So, back to homework.  Yes!  You can help your child with his/her homework.  At Lester Prairie many students just need support at home to help them get their homework done.  Ask your child specific questions about the homework.  Provide the time and place for them to get their homework done.  Show them you care about their homework so they form a good habit of getting their homework done.  Getting it done is the first step.  

This year my 7th and 8th grade students are using a composition notebook for Math notes.  This is working better for most students.  Their notes are in one notebook and all the notebook gets used for is math notes.  It keeps their notes organized.  When your child does not know how to do their homework, ask them if they have looked at their notes.  Not everything is in their notes, but it is a place to get them (and maybe you) a start.  Often the student is just sitting not knowing how to do something.  Help them to see there are resources available to figure things out.   
For some topics, I have links on my page on the Lester Prairie High School’s web site. Go to High School 6-12, Academics, Mathematics, Amy Smith.  Click on Classes to see information and links for each class.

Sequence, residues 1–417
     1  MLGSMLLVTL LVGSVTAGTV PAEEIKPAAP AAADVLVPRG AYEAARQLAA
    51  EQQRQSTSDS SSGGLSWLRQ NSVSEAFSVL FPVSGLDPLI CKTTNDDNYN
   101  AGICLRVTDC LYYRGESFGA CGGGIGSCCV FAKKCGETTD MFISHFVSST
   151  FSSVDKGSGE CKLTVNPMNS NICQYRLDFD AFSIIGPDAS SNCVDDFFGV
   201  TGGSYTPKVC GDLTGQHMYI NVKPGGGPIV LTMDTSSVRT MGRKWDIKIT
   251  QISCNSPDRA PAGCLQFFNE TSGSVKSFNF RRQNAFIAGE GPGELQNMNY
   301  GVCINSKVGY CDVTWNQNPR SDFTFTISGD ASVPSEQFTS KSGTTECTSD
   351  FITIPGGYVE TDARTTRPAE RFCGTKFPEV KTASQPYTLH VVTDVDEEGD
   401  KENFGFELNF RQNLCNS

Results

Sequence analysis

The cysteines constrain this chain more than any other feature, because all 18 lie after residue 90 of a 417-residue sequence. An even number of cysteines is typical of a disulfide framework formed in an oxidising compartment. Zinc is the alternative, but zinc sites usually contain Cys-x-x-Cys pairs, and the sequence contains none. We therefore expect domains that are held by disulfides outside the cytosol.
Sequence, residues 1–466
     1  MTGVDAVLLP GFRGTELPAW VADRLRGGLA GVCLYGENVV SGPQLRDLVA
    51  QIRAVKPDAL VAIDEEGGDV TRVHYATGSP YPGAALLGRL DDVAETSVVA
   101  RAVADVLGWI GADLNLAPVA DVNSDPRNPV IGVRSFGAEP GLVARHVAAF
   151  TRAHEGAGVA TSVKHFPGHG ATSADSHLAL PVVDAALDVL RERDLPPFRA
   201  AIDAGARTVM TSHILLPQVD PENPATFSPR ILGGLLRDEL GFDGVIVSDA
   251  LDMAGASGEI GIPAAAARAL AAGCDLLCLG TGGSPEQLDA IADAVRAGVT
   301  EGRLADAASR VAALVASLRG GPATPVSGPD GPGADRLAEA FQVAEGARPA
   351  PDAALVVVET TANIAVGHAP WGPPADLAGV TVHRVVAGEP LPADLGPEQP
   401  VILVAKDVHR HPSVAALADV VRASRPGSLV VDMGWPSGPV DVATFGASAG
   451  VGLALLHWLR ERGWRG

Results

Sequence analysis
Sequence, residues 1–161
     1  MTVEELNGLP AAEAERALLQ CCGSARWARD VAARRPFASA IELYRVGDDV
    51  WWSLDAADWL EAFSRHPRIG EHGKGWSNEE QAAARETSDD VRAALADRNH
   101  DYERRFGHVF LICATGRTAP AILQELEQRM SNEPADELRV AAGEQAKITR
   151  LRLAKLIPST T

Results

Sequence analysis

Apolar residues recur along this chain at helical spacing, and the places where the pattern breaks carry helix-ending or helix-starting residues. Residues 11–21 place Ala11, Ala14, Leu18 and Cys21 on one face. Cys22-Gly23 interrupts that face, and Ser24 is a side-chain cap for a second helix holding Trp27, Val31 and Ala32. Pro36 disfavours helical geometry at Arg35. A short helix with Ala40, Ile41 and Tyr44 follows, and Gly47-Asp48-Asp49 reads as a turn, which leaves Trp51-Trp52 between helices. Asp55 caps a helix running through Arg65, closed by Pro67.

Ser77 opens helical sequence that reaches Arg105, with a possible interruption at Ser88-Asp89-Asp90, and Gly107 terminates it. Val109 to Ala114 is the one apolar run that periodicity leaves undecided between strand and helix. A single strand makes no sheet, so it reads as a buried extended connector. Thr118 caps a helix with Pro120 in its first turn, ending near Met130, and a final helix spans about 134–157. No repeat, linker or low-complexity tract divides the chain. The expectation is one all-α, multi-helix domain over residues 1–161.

I read an article from the National Council of Teachers of Math that gave some very good ideas about helping your child with their (remember it is their) homework.  The article, published in 2006, lists many questions to ask your child when challenged with helping get math homework done.  

Here are a few questions from the article.  
  • Where do you think you should begin?
  • Are there instructions or directions?  What do they say?
  • What have you done so far?
  • Can you tell me where you are stuck?
  • Why don’t we look for some help on the Internet?

The article ends with “Remember, support homework-don’t do it!”  I agree and believe that with support most kids will be able to get their homework done and be successful in school.  

Wednesday, February 3, 2016

L.P. Students Love to Read!

February is “I Love to Read Month” for Lester Prairie Elementary Students.  Children of all ages are reading and tracking their minutes in order to help the principal, Mr. Boyer, “Race Across the U.S.A.”  For every ten minutes read, he travels one mile on the United States Map.  Mr. Boyer began his trip in Alaska, and his destination is New York City.  At every stop along the way, students will learn fun facts about that location.  If the principal makes it to New York City by the end of February, all of the elementary students will celebrate with ice cream sundaes.  Other activities for “I Love to Read Month” include daily book trivia questions with prizes and decorating classroom doors in a reading theme.

Mallorie Torry and Averi Tritabaugh pose next to the Race Across the U.S.A. bulletin board.

Mr. Boyer all geared at his starting point in Alaska.